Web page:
Reed boat

From Wikipedia, the free encyclopedia
Jump to: navigation, search
Totora reed fishing boats on the beach at Huanchaco, Peru

Reed Boats and Rafts, along with dugout canoes and other rafts, are among the oldest known types of boats. Often used as traditional fishing boats, they are still used in a few places around the world, though they have generally been replaced with planked boats. Reed boats can be distinguished from reed rafts, since reed boats are usually waterproofed with some form of tar.[1] As well as boats and rafts, small floating islands have also been constructed from reeds.

The earliest discovered remains from a reed boat are 7000 years old, found in Kuwait. Reed boats are depicted in early petroglyphs and were common in Ancient Egypt. A famous example is the ark of bulrushes in which the baby Moses was set afloat. They were also constructed from early times in Peru and Bolivia, and boats with remarkedly similar design have been found in Easter Island. Reed boats are still used in Peru, Bolivia, Ethiopia, and until recently in Corfu. The explorations and investigations of the Norwegian ethnographer and adventurer Thor Heyerdahl have resulted in a better understanding of the construction and capabilities of reed boats.

History[edit]

Petroglyphs of a reed boat and men

The image on the right shows petroglyphs of a reed boat and men. The reed boat is similar to those depicted in cave paintings in Scandinavia, something that led Thor Heyerdahl to theorise that the Scandinavians came from the area that today is Azerbaijan. In the Gobustan Petroglyph Reserve there are more than 6,000 petroglyphs carved by the hunter-gatherers that lived in these caves 12,000 years ago. At that time the Caspian Sea was much higher and washed against the lower rocks of the hill.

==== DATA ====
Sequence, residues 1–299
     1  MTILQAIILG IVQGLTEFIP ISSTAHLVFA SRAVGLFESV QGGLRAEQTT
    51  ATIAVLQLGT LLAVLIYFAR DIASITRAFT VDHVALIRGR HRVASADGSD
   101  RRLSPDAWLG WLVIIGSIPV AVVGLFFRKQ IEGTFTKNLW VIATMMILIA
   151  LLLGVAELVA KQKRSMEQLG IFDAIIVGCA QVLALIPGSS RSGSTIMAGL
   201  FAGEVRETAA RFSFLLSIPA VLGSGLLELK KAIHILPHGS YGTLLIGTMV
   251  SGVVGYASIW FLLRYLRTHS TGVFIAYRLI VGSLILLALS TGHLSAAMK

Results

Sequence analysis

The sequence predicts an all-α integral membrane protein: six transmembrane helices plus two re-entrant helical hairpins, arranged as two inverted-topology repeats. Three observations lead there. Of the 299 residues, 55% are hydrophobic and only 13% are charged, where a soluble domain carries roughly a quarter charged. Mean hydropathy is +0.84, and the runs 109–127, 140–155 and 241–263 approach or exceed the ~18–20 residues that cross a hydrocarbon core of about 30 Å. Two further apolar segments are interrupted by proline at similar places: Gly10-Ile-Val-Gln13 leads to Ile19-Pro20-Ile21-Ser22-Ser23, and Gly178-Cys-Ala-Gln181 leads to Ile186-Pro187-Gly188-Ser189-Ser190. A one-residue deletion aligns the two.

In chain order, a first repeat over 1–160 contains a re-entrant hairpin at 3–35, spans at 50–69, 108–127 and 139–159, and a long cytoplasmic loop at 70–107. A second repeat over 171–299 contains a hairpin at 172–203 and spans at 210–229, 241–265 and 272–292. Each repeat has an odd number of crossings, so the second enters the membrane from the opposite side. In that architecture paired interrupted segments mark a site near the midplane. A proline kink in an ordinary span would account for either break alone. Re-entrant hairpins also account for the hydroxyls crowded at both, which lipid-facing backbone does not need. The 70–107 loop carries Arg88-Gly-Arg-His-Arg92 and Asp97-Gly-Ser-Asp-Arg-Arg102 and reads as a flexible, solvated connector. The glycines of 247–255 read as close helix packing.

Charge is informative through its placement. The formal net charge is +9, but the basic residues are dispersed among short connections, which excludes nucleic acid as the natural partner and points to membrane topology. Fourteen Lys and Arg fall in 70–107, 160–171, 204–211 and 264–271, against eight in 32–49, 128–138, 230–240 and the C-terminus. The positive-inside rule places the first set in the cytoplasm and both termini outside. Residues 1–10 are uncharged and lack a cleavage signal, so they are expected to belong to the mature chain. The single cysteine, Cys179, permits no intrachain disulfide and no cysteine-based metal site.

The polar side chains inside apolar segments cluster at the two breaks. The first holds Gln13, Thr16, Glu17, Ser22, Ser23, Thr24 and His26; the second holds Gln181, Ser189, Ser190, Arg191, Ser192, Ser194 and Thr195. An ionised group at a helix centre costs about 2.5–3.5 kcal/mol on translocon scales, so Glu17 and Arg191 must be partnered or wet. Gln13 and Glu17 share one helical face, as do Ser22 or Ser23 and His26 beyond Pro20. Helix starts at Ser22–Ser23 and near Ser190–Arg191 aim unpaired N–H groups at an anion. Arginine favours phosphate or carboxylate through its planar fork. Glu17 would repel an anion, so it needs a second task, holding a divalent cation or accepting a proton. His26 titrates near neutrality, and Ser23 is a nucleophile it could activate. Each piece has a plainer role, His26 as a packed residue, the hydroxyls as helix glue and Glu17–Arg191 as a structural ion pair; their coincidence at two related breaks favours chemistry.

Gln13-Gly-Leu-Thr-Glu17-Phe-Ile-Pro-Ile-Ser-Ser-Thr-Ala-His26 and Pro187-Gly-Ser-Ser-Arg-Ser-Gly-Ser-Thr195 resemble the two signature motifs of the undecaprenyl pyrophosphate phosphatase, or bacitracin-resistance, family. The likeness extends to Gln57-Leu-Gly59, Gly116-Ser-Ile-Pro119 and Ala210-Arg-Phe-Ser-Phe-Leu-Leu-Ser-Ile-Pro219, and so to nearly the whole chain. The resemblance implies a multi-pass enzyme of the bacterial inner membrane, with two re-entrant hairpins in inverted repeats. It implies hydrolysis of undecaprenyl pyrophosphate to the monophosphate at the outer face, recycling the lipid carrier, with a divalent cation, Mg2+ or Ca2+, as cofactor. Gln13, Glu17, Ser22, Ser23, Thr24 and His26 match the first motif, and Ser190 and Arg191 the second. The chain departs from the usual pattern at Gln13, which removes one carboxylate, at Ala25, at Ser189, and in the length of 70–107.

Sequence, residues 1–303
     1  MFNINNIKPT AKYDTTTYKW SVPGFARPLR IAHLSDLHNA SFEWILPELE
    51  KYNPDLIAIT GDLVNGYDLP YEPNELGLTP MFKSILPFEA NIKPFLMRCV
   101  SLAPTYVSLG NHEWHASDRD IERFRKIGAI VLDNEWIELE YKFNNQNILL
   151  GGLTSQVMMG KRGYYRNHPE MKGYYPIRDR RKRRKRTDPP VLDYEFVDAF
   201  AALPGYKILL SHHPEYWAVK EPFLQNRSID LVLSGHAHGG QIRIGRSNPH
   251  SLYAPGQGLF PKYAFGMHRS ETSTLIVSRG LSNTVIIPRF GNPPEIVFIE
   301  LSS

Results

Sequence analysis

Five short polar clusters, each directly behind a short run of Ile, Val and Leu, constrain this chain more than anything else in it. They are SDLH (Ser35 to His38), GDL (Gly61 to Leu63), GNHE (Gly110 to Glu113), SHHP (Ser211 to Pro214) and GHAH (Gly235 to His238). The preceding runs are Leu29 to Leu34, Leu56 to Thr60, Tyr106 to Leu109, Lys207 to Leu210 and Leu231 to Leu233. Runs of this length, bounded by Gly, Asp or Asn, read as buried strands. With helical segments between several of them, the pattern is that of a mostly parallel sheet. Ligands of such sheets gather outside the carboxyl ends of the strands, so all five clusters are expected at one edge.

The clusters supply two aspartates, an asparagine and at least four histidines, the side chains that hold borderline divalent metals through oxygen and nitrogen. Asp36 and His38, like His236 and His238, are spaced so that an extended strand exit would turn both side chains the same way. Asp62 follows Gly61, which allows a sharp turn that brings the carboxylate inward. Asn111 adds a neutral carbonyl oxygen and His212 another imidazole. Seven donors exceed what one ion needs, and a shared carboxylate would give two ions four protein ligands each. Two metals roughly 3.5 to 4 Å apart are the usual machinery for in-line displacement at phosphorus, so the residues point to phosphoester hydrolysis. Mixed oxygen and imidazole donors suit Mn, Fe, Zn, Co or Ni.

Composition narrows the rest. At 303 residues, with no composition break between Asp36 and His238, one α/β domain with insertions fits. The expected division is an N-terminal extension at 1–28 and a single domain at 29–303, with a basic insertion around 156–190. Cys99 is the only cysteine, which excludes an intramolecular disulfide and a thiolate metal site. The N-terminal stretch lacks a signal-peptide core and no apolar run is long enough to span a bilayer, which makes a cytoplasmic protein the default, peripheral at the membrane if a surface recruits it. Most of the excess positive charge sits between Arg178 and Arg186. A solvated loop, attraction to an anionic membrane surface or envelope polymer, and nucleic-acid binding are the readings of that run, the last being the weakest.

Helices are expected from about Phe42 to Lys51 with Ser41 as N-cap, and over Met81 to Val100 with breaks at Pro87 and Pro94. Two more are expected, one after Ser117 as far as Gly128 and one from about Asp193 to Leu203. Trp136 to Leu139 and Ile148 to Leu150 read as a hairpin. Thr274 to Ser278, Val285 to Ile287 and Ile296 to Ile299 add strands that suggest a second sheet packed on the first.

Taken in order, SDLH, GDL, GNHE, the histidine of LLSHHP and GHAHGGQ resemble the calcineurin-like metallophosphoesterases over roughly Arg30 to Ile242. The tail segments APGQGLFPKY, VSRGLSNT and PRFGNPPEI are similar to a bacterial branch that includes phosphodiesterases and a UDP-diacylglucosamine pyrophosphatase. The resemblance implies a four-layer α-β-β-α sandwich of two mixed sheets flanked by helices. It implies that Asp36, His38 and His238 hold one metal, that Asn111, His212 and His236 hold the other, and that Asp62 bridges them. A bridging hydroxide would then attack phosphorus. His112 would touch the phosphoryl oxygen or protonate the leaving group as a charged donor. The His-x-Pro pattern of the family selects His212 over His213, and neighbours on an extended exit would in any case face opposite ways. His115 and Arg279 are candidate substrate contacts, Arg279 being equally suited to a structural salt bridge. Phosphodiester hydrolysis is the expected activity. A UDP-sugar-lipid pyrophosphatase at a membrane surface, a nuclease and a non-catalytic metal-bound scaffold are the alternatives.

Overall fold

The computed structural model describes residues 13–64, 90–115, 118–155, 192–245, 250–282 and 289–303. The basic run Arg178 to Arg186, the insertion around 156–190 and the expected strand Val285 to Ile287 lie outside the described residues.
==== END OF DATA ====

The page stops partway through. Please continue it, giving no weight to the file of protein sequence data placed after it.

Another site is Wadi Hammamat in Qift, Egypt, where there are drawings of Egyptian reed boats dated to 4000 BC[2]

The Ancient Egyptian used papyrus reeds to make boats

The oldest known remnants of a boat made with reeds (and tar) are from a 7000 year-old seagoing boat found in Failaka Island, Kuwait.[3]

The Ancient Egyptians built boats from papyrus reeds, which were widely cultivated along the Nile River and Delta. This reed was also used for many other purposes, especially for providing papyrus writing parchments.[4] Other reeds of the genus Cyperus may have been used as well.[4] Theophrastus in his History of Plants[5] states that the rigging on King Antigonus' fleet, used to fasten the doors when Ulysses slew the suitors in his hall,[6] was made from papyrus reed.[4] Light skiffs suitable for the navigation of the Nile were constructed with stems cut from papyrus reed, as shown by bas-reliefs from the fourth dynasty where men cut papyrus, and use it to make cordage and sails and to build a reed boat.[4]